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If someone is past their language-learning prime/"critical period", does the age at which they learn a language affect how much learning that language benefits their brain, and if so, in what ways?

For example, if a 20 year old attained B1 fluency in language X, and a 60 year old attained B1 fluency in language X, would their brains be benefited in different ways, and how so?

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  • By the way, the critical period hypothesis is a rather controversial topic.
    – Tsundoku
    Oct 25 '16 at 13:48
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Actually they might get about the same benefits, maybe less for those who are older due to old age.

Researchers found that young adults proficient in two languages performed better on attention tests and had better concentration than those who spoke only one language, irrespective of whether they had learned that second language during infancy, childhood or their teen years.

The study appears in the current edition of the journal Frontiers in Psychology, led by Dr. Thomas Bak, a lecturer at Edinburgh's School of Philosophy, Psychology and Language Sciences.

So the above proves that young adults that learned a second language from teens years and down (around 16- or 18-) can have positive effects such as better attention skills and more concentration than those who didn't through research.

Whether the positive effect extends to people who learn a language in middle age or beyond is not clear, but Bak and other brain researchers said they see no reason why not, and that is the focus of ongoing studies. "We have worked our way from adolescents to early adults," Bak told LiveScience. "We are currently working on middle age to retirement."

It is quite not sure about those who are older when they learn a language but it seems that the positive effects will still be there. From experience, my mom is learning English and is seeing/experiencing the effects in the above paragraph (not in yellow).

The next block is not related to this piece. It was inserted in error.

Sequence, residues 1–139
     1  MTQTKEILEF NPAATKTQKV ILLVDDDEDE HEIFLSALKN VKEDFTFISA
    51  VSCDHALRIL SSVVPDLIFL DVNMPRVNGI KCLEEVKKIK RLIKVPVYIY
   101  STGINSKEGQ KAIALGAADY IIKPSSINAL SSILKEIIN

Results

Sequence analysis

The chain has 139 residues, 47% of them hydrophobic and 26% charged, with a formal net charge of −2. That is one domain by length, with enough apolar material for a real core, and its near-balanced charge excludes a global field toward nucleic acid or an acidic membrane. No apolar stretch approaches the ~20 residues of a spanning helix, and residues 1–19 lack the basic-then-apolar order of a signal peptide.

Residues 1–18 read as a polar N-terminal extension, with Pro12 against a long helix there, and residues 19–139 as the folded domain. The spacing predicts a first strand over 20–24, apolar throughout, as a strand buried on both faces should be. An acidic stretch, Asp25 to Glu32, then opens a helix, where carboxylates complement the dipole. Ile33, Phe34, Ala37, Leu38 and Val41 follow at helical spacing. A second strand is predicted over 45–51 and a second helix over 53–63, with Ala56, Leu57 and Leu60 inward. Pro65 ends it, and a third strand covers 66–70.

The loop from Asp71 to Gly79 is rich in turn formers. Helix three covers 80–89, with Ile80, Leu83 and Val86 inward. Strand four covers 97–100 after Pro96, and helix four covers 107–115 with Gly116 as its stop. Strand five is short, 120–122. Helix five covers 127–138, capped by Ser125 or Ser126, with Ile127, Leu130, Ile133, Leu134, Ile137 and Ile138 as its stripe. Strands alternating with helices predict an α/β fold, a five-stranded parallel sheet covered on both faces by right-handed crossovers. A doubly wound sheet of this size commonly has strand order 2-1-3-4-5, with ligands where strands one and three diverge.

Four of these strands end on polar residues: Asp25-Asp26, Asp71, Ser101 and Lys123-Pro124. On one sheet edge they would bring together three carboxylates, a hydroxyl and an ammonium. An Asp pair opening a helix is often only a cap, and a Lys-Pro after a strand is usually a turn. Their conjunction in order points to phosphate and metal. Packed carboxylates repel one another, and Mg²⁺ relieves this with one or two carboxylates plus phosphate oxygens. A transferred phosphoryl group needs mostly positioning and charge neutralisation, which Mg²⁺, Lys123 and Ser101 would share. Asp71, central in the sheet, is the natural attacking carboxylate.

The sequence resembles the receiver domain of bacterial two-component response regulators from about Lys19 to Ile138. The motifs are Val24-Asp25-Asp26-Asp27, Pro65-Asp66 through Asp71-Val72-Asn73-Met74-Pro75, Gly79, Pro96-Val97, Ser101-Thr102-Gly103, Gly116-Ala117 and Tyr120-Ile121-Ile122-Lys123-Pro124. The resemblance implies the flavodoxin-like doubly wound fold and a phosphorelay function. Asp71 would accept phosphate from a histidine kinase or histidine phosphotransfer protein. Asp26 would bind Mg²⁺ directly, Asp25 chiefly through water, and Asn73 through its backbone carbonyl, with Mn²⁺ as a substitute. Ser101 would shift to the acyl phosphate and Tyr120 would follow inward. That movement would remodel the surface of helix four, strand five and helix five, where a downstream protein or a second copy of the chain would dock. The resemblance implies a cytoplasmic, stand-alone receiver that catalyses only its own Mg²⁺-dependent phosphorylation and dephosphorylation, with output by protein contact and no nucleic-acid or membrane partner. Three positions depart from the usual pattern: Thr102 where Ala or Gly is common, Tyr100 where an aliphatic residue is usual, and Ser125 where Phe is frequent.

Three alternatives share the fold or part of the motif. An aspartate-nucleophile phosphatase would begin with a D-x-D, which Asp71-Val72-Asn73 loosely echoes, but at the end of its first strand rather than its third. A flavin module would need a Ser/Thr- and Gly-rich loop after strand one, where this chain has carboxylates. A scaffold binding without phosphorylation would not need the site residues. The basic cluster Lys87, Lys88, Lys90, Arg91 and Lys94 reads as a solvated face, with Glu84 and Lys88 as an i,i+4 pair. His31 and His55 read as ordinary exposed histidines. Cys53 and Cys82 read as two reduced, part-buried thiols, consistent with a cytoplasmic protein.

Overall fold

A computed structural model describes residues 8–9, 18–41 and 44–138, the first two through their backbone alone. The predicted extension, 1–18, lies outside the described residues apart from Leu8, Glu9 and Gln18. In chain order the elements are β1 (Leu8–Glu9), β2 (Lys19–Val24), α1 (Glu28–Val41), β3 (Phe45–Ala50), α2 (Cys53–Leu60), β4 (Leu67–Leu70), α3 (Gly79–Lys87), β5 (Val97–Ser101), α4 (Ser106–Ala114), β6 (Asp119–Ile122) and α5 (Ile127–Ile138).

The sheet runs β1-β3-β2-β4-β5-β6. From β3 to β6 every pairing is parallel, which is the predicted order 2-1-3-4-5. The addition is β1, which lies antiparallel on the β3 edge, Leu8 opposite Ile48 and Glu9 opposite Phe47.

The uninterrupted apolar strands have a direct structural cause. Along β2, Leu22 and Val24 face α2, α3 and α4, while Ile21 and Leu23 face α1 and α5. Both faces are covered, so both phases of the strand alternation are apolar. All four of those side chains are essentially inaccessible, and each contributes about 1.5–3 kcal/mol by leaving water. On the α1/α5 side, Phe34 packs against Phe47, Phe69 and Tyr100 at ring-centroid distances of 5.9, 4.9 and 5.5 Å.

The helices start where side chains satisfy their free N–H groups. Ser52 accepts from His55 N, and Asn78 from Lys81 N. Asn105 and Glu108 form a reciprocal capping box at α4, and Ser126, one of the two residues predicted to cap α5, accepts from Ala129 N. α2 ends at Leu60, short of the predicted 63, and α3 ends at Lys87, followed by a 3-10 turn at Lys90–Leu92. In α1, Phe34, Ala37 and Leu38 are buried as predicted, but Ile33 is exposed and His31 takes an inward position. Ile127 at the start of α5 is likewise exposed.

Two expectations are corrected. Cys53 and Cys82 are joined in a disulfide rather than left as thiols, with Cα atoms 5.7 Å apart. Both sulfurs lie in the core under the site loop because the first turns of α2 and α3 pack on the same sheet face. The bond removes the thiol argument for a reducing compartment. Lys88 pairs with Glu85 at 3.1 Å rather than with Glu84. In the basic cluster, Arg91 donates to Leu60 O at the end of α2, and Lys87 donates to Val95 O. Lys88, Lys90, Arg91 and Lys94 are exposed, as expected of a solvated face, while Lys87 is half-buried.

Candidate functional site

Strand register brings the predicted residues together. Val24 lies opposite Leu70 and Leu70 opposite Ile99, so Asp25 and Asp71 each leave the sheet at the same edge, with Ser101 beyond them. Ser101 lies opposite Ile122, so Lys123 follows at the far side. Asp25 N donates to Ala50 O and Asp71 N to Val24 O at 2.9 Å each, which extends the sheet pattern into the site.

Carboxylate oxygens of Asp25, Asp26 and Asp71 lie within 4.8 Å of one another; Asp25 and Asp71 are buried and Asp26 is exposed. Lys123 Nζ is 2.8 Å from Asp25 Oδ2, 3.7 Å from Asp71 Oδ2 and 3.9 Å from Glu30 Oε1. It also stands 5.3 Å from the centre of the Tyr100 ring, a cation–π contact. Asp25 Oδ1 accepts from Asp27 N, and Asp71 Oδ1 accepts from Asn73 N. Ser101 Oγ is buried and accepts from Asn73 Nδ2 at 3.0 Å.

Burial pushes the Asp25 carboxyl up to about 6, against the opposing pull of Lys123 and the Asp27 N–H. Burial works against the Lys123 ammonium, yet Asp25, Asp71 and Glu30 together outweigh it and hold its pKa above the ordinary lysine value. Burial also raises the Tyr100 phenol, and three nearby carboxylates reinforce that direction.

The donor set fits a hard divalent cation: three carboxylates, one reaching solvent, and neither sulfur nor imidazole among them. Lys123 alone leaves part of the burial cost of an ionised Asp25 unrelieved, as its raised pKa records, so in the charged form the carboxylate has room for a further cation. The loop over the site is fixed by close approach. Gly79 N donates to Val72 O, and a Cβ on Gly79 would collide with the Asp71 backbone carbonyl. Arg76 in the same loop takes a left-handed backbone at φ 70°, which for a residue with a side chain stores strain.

In the new study, bilingual young adults performed better in ignoring irrelevant stimuli and focusing on relevant information. One possible reason for this ability is that the very processes of learning two languages and switching back and forth between them train the brain to be more attuned to auditory information, Bak said.

This improvement in what is called auditory attention is essentially a measure of concentration, and could, for example, enable a person to better extract relevant information from a lecture, Bak said. He also noted that many drugs aimed at lessening the effects of Alzheimer's disease work by attempting to improve this attention mechanism.

Even more positive effects are shown here. Adults that learned another language seems to be more able to reject irrelevant information and only take in the necessary information. This is called auditory attention, which can allow people to extract more information from lectures and can help drugs trying to cure Alzheimer's disease as these drugs hope to raise this attention.

Source: Learning a New Language at Any Age Helps the Brain

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